This workshop will address the many aspects of the scholarly publishing process, focusing on monograph-length scholarship. In this general overview workshop, we will cover the nuts and bolts of going from proposal to bookshelf (or the cloud). We will address the three main areas of book publishing that are of interest to scholars: acquisitions, production, and marketing, although there will be an emphasis on the acquisitions process. Attendees will learn how to know what you can and can’t use from a dissertation in a book manuscript, write an effective proposal, know when it’s time to make contact with a publisher, find the right publisher for them, distinguish the roles of the acquisitions editor and editorial assistant, understand the peer review and board processes, handle rejection, negotiate a contract, prepare their projects for production, approach ideas for a cover, make suggestions for marketing, research open access possibilities, and promote their books. There will be ample time for questions at the end of the workshop.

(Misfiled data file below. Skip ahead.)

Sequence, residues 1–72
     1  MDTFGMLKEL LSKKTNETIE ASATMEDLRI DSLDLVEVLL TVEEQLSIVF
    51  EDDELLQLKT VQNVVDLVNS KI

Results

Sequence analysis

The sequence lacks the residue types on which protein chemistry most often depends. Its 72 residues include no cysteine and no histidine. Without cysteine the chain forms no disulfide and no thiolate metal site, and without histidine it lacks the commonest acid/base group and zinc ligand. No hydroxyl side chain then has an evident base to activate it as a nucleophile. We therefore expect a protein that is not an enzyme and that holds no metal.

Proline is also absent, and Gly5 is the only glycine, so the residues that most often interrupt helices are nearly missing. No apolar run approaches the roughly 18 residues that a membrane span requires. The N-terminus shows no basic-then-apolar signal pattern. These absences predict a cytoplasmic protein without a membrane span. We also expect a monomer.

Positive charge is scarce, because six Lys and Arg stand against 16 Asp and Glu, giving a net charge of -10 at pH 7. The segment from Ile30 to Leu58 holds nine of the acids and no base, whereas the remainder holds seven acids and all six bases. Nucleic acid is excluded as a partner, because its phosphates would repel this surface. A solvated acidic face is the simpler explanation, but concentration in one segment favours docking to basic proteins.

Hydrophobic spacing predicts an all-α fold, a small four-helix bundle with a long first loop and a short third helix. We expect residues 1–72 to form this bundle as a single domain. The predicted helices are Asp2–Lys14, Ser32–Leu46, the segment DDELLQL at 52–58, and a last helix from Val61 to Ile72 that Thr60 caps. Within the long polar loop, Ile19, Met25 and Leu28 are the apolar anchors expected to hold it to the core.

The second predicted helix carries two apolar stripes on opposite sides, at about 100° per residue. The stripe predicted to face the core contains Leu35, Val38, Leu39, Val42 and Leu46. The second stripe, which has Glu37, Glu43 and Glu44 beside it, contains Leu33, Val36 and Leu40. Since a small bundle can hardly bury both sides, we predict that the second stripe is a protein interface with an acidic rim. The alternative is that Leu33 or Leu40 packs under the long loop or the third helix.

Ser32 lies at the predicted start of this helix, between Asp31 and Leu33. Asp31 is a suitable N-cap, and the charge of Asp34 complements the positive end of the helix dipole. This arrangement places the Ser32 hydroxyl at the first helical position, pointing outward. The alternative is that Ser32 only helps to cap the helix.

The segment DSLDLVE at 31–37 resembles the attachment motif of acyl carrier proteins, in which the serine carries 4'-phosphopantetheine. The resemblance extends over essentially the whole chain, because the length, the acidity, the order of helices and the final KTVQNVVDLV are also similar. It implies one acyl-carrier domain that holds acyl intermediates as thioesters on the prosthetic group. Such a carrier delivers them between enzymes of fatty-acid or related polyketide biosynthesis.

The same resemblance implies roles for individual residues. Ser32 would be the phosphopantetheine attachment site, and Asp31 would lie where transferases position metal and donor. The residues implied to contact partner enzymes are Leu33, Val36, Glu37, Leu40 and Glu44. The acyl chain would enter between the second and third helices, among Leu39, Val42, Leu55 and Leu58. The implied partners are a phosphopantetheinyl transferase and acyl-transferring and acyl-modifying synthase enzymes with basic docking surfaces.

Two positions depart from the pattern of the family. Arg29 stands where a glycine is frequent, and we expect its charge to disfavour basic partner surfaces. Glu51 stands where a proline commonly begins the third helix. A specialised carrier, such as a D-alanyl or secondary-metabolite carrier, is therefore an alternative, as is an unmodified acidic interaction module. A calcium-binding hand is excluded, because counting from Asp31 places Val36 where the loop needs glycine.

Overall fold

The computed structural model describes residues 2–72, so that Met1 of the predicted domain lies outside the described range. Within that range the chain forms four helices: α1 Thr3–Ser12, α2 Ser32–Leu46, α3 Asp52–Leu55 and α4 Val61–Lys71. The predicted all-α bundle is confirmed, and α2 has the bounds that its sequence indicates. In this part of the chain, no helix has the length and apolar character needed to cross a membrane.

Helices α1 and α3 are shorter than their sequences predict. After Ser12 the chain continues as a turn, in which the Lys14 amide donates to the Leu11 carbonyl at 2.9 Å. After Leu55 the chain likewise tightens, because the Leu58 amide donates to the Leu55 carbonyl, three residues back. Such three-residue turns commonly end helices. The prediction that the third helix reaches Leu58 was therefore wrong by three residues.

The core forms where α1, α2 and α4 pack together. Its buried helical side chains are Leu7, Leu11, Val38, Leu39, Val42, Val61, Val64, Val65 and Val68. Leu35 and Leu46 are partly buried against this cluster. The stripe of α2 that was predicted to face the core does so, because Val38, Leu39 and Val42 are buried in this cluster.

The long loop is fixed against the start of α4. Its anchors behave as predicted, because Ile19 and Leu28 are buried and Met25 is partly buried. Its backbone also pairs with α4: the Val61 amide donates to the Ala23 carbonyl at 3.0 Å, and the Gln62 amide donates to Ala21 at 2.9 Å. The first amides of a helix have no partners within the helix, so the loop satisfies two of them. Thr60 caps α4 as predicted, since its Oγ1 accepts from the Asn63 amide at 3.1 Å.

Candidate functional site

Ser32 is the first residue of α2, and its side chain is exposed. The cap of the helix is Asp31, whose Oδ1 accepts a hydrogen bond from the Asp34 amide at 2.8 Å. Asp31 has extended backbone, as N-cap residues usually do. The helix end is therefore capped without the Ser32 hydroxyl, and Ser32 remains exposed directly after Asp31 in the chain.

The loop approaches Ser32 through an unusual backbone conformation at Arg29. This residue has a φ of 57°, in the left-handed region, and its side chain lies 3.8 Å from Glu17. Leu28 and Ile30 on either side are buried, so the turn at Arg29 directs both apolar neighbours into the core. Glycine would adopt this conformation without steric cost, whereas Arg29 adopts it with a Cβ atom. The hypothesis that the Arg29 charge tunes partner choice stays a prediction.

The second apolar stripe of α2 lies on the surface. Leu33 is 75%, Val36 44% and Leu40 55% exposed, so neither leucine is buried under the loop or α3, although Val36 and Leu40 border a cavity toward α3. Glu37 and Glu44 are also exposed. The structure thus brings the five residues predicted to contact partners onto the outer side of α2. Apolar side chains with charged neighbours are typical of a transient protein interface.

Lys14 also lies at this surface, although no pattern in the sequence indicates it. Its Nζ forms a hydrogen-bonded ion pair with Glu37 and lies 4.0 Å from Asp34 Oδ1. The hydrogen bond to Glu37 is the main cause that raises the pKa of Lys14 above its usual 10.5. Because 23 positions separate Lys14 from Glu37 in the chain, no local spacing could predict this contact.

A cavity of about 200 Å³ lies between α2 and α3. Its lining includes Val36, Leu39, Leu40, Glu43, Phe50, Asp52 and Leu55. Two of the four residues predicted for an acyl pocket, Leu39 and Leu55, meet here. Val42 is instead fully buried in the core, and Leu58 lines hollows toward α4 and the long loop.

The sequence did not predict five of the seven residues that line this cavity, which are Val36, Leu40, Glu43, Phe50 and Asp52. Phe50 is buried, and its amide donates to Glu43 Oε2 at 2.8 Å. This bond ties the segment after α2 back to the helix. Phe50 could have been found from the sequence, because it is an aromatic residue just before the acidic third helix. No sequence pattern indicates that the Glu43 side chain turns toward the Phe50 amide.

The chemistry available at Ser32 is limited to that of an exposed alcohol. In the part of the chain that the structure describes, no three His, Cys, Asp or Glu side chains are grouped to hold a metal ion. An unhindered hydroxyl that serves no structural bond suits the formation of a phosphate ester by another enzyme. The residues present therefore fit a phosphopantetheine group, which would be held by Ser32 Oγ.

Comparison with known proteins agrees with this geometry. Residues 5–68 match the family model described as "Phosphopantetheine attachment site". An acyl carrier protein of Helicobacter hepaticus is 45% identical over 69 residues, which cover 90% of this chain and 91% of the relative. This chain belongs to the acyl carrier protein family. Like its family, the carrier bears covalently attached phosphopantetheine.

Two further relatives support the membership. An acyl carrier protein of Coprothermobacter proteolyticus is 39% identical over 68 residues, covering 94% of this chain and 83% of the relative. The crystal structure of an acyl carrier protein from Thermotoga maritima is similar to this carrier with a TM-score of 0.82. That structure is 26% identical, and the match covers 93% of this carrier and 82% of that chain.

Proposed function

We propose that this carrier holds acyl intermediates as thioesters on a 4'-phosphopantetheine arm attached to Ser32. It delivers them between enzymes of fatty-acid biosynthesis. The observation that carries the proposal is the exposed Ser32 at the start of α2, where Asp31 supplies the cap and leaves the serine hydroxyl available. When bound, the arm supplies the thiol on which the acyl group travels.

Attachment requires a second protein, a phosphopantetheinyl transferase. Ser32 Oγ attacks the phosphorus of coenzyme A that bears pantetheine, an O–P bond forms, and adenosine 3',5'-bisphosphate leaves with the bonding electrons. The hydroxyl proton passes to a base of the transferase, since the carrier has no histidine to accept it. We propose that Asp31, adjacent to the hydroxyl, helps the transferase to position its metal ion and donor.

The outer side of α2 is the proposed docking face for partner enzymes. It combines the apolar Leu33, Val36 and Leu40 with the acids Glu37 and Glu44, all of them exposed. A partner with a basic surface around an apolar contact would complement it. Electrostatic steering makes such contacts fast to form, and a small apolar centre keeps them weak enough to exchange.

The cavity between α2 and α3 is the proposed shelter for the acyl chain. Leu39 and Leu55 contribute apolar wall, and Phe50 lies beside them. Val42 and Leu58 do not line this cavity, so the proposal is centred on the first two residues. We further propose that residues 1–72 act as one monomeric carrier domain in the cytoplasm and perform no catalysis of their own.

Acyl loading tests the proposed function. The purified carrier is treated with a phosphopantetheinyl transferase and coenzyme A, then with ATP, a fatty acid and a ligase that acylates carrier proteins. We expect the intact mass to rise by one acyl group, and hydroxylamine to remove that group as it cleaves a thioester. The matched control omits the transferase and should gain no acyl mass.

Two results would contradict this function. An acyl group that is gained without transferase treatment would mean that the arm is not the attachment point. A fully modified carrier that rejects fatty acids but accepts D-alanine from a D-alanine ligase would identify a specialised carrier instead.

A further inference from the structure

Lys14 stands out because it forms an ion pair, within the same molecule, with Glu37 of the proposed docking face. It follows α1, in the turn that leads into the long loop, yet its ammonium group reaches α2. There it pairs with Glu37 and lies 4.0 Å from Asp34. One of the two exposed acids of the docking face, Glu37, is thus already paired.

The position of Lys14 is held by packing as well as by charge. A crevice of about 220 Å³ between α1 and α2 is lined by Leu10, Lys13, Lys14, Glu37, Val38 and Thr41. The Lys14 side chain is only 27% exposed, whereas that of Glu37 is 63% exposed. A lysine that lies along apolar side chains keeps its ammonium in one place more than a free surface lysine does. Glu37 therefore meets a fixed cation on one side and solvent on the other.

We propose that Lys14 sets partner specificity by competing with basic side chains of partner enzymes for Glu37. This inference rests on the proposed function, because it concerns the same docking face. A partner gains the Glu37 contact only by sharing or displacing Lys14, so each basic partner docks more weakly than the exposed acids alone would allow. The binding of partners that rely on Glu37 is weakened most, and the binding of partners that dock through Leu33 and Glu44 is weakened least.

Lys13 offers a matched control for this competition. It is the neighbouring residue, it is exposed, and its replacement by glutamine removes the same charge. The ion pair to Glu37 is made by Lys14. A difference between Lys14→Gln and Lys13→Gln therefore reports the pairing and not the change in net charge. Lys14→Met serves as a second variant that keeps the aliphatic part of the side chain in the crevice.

Beth Bouloukos is the director of the Amherst College Press and Lever Press. Before beginning at Amherst and Lever, she acquired books in education, Latin American/Latinx studies, and gender and sexuality studies at SUNY Press. She received her doctorate from Cornell University where she researched Latin American literature, film, and culture through a feminist lens.
E. PATRICK JOHNSON
“The BIPOC Journey on the Tenure Track: Some Practical Advice”
This workshop will discuss some of the unique challenges of BIPOC faculty on the tenure-track and provide strategies for navigating that journey. Participants are asked to bring specific questions for discussion.
E. Patrick Johnson is Dean of the School of Communication and Annenberg University Professor of Performance Studies and African American Studies at Northwestern University. He is a 2020 inductee into the American Academy of Arts and Sciences.
Johnson is a prolific performer/scholar, and an inspiring teacher, whose research and artistry has greatly impacted African American studies, Performance Studies, Gender and Sexuality studies.
He is the author of Appropriating Blackness: Performance and the Politics of Authenticity (2003); Sweet Tea: Black Gay Men of the South—An Oral History (2008); Black. Queer. Southern. Women.—An Oral History (2018); and Honeypot: Black Southern Women Who Love Women (2019), in addition to several edited and co-edited collections, essays, and plays.